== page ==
The internal clock and feeding rhythm set the pace of the liver

January 15, 2014

Living organisms have adapted to the day-night cycle and, in most cases, they have evolved a "circadian clock". Its effects are not completely known yet but its functioning has been shown to have important metabolic consequences for the body. Disruption of normal circadian rhythms can have deleterious effects on health; for example lack of sleep is linked with obesity, and the time of feeding was shown to affect the ability to control body weight.

Scientists from the Nestlé Institute of Health Sciences (NIHS) and the École polytechnique fédérale de Lausanne (EPFL), supported by a 2012 grant from the Swiss Leenaards Foundation originally awarded to the Université de Lausanne, have found that in the case of the liver, the rhythm of protein production and release is dictated by both the organisms' feeding behaviors and their . The current study was published last week in the journal Proceedings of the National Academy of Science (PNAS).

The researchers, under the direction of Frédéric Gachon (NIHS) and Felix Naef (EPFL), analyzed with mass spectrometry, one of the new analytical tools currently available that allow a closer inspection of the real impact of this clock on some biological processes, in particular at a level of temporal protein abundance. They measured the concentration of more than 5000 different proteins – whereas previous techniques only allowed the identification a few hundreds at best.

The results suggest that the does not only influence the production of proteins by the genes, but also the way the liver regulated the storage and release of proteins into the body. "Our experiments seem to prove that the pace set by feeding patterns takes precedence over the circadian rhythm. However, it appears that the strongest effect takes place when these two rhythms overlap", said Frédéric Gachon.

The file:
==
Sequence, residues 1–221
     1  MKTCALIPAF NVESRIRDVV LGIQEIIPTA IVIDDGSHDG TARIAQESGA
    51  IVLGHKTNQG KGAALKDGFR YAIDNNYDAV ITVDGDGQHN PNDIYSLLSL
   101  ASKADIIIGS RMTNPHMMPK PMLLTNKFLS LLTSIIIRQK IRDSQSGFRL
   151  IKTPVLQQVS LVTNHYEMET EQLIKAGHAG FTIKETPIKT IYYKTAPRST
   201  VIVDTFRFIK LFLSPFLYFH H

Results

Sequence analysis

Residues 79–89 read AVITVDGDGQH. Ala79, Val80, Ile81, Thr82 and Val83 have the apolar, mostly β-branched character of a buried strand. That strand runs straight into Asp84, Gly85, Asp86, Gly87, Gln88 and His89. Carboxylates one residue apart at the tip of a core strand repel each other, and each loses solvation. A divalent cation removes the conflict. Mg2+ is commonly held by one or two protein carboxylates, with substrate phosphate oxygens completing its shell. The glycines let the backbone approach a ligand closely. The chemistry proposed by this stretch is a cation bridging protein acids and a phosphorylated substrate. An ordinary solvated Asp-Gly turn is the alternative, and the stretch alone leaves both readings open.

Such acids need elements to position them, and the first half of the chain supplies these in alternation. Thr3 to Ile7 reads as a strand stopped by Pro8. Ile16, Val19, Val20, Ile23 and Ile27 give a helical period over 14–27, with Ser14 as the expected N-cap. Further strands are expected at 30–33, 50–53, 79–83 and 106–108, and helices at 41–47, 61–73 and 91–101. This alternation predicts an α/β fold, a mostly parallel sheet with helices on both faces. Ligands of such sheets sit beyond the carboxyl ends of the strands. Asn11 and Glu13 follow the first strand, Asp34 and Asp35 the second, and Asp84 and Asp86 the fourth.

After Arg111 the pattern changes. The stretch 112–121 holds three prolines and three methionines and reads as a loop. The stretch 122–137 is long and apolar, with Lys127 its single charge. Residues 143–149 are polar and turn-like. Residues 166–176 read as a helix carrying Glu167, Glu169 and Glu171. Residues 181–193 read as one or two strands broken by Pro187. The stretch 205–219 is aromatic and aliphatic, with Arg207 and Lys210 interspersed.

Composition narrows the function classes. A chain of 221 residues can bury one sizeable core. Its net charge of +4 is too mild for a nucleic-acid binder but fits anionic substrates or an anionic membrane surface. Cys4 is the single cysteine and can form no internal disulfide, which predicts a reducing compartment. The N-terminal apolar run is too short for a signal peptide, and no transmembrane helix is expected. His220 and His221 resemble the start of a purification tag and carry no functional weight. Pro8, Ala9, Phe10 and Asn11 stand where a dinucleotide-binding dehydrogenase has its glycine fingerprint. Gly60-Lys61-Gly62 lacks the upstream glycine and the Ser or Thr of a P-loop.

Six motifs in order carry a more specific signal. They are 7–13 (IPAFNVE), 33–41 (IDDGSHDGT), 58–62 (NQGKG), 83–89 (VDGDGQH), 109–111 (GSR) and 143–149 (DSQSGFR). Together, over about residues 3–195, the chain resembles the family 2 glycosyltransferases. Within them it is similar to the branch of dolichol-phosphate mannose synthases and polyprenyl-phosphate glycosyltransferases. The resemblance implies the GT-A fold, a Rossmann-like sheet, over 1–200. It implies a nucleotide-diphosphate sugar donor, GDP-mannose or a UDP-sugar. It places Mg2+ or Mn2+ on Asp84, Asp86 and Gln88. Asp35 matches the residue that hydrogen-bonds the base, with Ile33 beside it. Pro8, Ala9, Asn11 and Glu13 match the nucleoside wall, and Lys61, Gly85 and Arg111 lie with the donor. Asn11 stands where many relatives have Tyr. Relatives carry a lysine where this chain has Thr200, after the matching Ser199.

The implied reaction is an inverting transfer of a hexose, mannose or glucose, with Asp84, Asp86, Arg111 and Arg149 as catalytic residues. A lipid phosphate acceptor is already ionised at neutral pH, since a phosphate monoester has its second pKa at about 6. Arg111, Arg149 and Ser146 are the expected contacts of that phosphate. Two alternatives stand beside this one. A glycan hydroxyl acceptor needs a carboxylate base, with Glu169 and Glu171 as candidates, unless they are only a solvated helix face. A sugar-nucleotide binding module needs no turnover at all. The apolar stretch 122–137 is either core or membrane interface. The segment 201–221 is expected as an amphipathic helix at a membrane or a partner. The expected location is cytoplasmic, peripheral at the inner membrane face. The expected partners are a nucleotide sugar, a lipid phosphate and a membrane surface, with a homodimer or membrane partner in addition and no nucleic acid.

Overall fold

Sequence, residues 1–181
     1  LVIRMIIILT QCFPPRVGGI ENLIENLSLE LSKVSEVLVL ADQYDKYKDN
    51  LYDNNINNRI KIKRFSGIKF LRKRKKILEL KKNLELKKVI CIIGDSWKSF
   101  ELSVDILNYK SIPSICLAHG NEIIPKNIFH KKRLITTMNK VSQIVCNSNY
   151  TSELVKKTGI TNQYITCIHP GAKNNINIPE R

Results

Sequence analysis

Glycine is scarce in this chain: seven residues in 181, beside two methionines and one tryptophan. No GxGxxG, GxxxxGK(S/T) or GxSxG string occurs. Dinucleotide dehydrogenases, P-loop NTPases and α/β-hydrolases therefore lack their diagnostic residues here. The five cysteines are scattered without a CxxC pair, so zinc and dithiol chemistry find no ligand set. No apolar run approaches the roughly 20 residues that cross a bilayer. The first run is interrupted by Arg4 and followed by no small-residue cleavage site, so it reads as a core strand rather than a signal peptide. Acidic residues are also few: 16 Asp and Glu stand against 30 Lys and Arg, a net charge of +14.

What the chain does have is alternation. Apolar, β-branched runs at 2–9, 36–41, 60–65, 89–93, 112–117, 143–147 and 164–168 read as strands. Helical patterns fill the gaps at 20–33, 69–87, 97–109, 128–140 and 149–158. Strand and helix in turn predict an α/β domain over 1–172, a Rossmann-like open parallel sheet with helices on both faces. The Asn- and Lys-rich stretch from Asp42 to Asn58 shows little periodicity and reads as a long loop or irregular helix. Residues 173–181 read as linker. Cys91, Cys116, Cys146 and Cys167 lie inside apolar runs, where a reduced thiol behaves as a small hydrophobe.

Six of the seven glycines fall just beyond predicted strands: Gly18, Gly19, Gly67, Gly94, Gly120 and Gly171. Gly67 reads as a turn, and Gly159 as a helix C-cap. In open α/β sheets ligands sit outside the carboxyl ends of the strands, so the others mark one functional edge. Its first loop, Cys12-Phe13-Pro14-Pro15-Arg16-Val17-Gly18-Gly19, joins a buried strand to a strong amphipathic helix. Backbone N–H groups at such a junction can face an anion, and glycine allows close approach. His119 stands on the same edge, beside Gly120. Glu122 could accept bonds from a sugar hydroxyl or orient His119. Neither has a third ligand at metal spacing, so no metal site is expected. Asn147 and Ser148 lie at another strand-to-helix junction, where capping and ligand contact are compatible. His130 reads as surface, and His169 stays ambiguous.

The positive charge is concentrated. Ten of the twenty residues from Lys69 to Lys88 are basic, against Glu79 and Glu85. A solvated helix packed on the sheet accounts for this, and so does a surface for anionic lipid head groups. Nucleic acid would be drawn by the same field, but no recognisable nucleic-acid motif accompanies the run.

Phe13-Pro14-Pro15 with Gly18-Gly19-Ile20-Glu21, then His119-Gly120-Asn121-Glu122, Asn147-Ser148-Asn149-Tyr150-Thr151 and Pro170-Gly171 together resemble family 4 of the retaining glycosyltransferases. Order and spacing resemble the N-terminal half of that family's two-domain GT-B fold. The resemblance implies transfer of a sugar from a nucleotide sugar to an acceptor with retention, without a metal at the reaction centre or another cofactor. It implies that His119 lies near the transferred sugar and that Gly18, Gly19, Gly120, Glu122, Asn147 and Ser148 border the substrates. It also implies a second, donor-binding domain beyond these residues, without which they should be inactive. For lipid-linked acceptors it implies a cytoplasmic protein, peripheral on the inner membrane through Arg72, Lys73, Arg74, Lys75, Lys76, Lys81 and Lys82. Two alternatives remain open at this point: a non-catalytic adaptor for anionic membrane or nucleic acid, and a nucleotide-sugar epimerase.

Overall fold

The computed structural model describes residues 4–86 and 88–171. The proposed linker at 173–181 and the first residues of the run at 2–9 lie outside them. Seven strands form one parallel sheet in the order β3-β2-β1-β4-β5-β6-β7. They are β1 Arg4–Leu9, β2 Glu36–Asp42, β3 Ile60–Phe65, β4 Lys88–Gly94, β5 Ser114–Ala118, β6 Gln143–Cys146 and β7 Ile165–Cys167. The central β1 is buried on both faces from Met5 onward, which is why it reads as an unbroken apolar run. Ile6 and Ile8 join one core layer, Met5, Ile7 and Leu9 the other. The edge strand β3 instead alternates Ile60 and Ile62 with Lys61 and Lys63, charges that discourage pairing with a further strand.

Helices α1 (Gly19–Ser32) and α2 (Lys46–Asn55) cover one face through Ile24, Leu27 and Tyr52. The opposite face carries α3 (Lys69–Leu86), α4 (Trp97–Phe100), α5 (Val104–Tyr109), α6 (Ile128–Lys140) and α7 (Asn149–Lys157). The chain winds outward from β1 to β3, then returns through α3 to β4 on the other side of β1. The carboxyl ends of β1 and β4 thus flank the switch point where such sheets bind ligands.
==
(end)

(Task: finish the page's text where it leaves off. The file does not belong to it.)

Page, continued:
As a next step, this research will attempt to translate some of these results to humans. "Our work will help develop strategies focused on diet to help treat patients suffering from disorders associated to circadian dysfunctions" said Felix Naef.

Explore further: Circadian rhythms control body's response to intestinal infections

Related Stories

Nutrition influences metabolism through circadian rhythms

December 19, 2013

A high-fat diet affects the molecular mechanism controlling the internal body clock that regulates metabolic functions in the liver, UC Irvine scientists have found. Disruption of these circadian rhythms may contribute to ...

Recommended for you

Flu study, on hold, yields new vaccine technology

September 2, 2015

Vaccines to protect against an avian influenza pandemic as well as seasonal flu may be mass produced more quickly and efficiently using technology described today by researchers at the University of Wisconsin-Madison in the ...

We've all got a blind spot, but it can be shrunk

August 31, 2015

You've probably never noticed, but the human eye includes an unavoidable blind spot. That's because the optic nerve that sends visual signals to the brain must pass through the retina, which creates a hole in that light-sensitive ...

Biologists identify mechanisms of embryonic wound repair

August 31, 2015

It's like something out of a science-fiction movie - time-lapse photography showing how wounds in embryos of fruit flies heal themselves. The images are not only real; they shed light on ways to improve wound recovery in ...

New 'Tissue Velcro' could help repair damaged hearts

August 28, 2015

Engineers at the University of Toronto just made assembling functional heart tissue as easy as fastening your shoes. The team has created a biocompatible scaffold that allows sheets of beating heart cells to snap together ...

0 comments

Please sign in to add a comment. Registration is free, and takes less than a minute. Read more

Click here to reset your password.
Sign in to get notified via email when new comments are made.